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Saudi Arabia refrains from fingering Iran in alleged assassination plot

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Officials from the FBI, CIA, Justice Department, State Department, and Treasury Department also briefed members of the Senate intelligence and armed services committee members. Afterwards, two members of the committee said that while the charges were serious, they did not merit a U.S. military response.

"This was not an action directed at the United States. It was an action directed at an ally of the United States, said Sen. Saxby Chambliss, R-Ga., a member of the Senate Armed Services Committee, who said he favored economic sanctions imposed on those allegedly involved in the plot.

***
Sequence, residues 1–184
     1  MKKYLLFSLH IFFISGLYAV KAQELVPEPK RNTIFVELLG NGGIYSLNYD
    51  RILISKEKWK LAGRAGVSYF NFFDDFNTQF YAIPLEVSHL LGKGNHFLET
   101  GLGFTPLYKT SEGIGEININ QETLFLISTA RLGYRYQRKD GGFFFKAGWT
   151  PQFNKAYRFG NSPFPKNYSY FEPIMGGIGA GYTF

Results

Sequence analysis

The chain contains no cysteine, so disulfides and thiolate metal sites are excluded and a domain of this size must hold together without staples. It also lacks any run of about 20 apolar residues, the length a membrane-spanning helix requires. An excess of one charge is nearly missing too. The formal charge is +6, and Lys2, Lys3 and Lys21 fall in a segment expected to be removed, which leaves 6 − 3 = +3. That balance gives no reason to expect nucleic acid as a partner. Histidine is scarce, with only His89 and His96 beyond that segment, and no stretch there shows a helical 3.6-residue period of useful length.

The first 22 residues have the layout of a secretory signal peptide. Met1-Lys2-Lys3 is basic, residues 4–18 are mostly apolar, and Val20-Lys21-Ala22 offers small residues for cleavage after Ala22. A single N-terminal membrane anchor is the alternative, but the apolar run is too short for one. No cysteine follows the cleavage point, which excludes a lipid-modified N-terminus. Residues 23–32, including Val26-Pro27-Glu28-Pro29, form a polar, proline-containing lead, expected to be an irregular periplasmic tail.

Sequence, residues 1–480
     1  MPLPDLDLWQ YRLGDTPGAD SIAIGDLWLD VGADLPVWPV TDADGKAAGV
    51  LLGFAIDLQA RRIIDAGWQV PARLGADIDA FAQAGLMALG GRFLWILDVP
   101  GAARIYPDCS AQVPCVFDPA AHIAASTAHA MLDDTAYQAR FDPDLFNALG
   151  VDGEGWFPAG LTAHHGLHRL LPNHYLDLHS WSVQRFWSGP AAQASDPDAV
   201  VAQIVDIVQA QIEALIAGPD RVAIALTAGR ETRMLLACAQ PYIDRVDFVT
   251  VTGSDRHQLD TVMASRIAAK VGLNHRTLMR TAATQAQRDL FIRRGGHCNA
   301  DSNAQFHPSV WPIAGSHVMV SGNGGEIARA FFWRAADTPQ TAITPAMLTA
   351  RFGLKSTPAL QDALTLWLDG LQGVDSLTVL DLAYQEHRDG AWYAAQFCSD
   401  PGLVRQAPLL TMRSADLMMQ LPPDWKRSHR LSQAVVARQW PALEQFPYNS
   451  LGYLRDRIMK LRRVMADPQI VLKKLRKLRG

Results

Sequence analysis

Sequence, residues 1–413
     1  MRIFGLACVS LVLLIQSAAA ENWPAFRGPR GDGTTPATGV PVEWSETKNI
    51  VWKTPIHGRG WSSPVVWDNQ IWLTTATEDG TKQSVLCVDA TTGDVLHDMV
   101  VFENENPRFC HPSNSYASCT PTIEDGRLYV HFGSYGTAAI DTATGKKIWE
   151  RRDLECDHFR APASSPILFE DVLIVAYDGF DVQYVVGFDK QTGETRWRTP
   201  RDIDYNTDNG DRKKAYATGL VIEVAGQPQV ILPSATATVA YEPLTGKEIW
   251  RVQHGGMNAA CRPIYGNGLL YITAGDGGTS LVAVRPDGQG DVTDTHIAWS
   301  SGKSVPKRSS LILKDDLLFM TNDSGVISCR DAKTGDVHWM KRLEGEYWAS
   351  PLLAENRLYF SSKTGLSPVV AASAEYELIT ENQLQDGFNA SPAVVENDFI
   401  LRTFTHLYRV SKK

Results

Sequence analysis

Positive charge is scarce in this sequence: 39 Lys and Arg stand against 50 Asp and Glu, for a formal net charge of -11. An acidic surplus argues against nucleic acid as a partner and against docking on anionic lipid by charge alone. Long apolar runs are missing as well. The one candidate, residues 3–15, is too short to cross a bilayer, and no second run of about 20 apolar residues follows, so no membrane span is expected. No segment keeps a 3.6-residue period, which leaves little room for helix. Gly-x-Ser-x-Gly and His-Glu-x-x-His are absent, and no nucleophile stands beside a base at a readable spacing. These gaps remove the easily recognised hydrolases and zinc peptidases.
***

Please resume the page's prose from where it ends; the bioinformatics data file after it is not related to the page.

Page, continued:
Sen. Dianne Feinstein, D-Calif., chair of the Senate Intelligence Committee, agreed U.S. military action was not merited. But she said the alleged plot "should be taken very seriously."

Prince Turki al Faisal, a former Saudi intelligence chief who served as Saudi ambassador to Washington until the current ambassador, Adel al Jubeir, took over in 2007, demanded that Iran be punished.

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